In the current US presidential campaign, Donald Trump is again promising strict anti-immigration measures — among them, to finish building the border wall. It’s an infrastructure whose effectiveness can be questioned with a single figure: In December 2023, the US Border Patrol apprehended nearly 250,000 migrants crossing into the United States from Mexico, the highest monthly total on record.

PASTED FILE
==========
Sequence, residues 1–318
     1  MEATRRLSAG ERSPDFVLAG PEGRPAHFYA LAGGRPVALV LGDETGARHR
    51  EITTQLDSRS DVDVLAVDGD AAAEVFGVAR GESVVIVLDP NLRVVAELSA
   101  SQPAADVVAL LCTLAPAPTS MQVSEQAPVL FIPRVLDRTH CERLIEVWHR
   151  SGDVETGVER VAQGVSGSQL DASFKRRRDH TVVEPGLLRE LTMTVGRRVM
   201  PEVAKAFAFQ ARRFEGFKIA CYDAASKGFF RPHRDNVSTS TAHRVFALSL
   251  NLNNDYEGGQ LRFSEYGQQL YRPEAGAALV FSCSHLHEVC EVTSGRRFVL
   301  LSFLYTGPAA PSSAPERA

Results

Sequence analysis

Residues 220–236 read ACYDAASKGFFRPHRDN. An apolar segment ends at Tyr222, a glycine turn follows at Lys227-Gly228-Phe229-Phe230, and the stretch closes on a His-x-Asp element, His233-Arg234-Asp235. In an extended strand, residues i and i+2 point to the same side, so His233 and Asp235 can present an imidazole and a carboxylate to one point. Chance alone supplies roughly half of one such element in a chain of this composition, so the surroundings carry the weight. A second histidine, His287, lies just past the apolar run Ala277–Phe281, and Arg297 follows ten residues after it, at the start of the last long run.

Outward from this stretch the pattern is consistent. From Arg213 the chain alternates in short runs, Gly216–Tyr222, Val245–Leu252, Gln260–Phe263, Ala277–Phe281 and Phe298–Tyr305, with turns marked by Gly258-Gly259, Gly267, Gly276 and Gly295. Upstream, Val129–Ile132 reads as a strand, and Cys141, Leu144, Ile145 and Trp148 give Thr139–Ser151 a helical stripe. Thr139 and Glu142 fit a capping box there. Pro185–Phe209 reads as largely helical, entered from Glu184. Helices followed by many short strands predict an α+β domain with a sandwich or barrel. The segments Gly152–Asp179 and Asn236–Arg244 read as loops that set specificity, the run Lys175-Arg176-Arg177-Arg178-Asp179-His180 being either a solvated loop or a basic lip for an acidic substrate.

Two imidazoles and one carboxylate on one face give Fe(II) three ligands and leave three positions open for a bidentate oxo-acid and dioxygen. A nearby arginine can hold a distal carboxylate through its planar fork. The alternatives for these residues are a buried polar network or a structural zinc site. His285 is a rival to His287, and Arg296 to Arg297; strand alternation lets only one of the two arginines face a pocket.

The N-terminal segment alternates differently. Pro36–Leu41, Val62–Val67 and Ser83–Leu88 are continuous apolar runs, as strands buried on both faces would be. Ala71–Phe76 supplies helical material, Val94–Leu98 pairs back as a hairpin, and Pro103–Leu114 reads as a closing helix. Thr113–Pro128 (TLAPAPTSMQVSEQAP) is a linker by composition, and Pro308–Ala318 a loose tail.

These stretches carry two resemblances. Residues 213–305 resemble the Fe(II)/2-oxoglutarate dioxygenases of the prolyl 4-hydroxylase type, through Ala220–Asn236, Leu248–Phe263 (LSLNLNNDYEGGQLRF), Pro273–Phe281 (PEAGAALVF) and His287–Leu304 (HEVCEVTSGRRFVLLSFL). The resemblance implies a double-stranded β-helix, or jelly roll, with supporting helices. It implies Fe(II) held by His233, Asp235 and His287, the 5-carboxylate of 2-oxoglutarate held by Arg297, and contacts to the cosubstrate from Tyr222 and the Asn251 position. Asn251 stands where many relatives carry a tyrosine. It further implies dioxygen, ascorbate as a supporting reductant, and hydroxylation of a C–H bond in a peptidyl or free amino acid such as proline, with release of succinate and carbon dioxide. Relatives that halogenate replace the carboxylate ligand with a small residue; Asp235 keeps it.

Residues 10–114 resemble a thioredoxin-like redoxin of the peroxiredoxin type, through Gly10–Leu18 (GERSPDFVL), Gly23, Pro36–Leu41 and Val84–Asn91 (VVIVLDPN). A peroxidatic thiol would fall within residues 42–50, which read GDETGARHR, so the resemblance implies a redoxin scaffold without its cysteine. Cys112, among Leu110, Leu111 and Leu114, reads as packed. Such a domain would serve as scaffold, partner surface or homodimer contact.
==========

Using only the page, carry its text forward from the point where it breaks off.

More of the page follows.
The border wall seems to have stopped everything but human beings.

Article translated by Debbie Ponchner

Editor’s note: This story was updated on June 28, 2024, to clarify the references to how the border wall has affected the Tohono O’odham people.

This story is part of Knowable Magazine’s Spanish-language series on science that affects or is conducted by Latinos in the United States, supported by HHMI’s Science and Educational Media Group. Iván Carrillo is currently a fellow of the Earth Journalism Network. This story was produced as part of Internews’ Earth Journalism Network’s 2024 Reporting Fellowship.